• A second is required for nearly all types of motions and its purpose is to determine whether or not there is at least some additional support for the proposal. No one wants to waste time discussing a proposal that only a single person is in favor of.
• It isn’t unusual for a motion to be amended. This occurs when part of a group supports the concept but has a slightly different idea about some of the specifics. In order to gather adequate support to secure enough votes to pass, motions are sometimes amended.
• Check your association’s governing documents, but normally only a simple majority is required in order to pass (approve) the motion. In some cases, a 2/3rds majority, or a different amount is required in order to pass a motion.
• The purpose behind most types of motions is to open the debate on the proposal; however, certain types of motions – subsidiary, privileged. or incidental – are not debatable.
• If you are part of the “winning side” of a motion vote, after the votes are counted, you can make a motion to reconsider the motion allowing others a chance to change their mind on the issue.
Sixth, voting on a motion
There are five general methods of voting on a motion.
• Voice Vote – Simplest and fastest method and generally used for issues that have strong support.
• Show of Hands Vote– Slightly more time consuming and sometimes required by the organization’s rules.
• Roll Call Vote – Generally more common in formal organizations such as in a town council. Usually faster than a ballot vote but more time consuming than a voice or show of hands vote. In this method, each person’s vote is given with either “yes,” “no,” or “present” in a roll call fashion, one person at a time. A “present” vote means that the person casting the vote is choosing not to vote either way on the motion. These people are only “present” when the vote was taken and were neither for or against the motion.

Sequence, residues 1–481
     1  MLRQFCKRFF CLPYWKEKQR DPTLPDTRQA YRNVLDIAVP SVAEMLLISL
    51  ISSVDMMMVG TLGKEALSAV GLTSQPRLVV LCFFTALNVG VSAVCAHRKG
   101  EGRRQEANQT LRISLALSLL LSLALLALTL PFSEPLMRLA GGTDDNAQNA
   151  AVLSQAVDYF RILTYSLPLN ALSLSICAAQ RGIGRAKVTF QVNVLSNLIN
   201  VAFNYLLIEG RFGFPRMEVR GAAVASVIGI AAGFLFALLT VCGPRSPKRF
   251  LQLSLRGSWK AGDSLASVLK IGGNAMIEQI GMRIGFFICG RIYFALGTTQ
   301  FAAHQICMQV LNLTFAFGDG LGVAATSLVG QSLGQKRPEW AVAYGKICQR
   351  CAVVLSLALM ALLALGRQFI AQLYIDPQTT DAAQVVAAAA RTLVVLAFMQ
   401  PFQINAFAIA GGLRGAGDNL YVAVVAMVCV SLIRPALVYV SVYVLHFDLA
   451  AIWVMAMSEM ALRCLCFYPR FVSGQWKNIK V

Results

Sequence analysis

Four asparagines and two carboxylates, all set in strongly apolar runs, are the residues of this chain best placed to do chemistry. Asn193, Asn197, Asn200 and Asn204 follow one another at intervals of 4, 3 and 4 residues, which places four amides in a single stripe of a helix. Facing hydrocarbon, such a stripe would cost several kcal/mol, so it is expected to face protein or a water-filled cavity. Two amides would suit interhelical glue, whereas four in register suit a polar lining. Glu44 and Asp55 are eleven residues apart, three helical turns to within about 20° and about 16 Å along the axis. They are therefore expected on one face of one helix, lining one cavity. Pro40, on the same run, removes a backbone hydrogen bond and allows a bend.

• Ballot Vote – The most time consuming type of voting and used a) when the organization’s rules require a ballot vote or b) when the vote needs to be conducted without each voting member disclosing, to otherd, how they voted.
• General Consent Vote – This type of vote is the fastest method of voting and is used when it is apparent to the Chair that voting members uniformly or nearly uniformly are in favor. In this type of vote, the Chair states, “If there are no objections…” then listens for someone to object. If no one objects, the motion passes. If one or more persons “object” a more formal voting procedure must be held.
Seventh, handy motions to keep the meeting moving
A wise meeting Chair will monitor the progress that is being made on the agenda items and if it becomes apparent that an issue will require more time than what is available in this meeting, he or she could request a “motion to lay a matter on the table” or a “motion to postpone the motion indefinitely.”
A motion to lay a matter on the table is generally used to “set aside” a matter when something more urgent needs to be considered. Later, if time allows, members can make a motion to “take from the table” a previously set aside motion and reconsider the issue.
A motion to postpone the motion indefinitely is a way of disposing of a matter without taking a vote. It is sometimes used when no one really wants to be known for voting “for” or “against” an issue or when it is apparent that there is no support for a specific proposal.
Remember, the Colorado Common Interest Ownership Act, (“CCIOA”), lists nine policies which all homeowners associations must have. One of these nine policies is a “Conduct of Meetings Policy.” Become familiar with it.
Lastly, always remember to be courteous, to be fair, to follow Robert’s Rules (unless your association has adopted something else) and be a good listener. When you do, meetings can run smoothly and achieve more in much less time.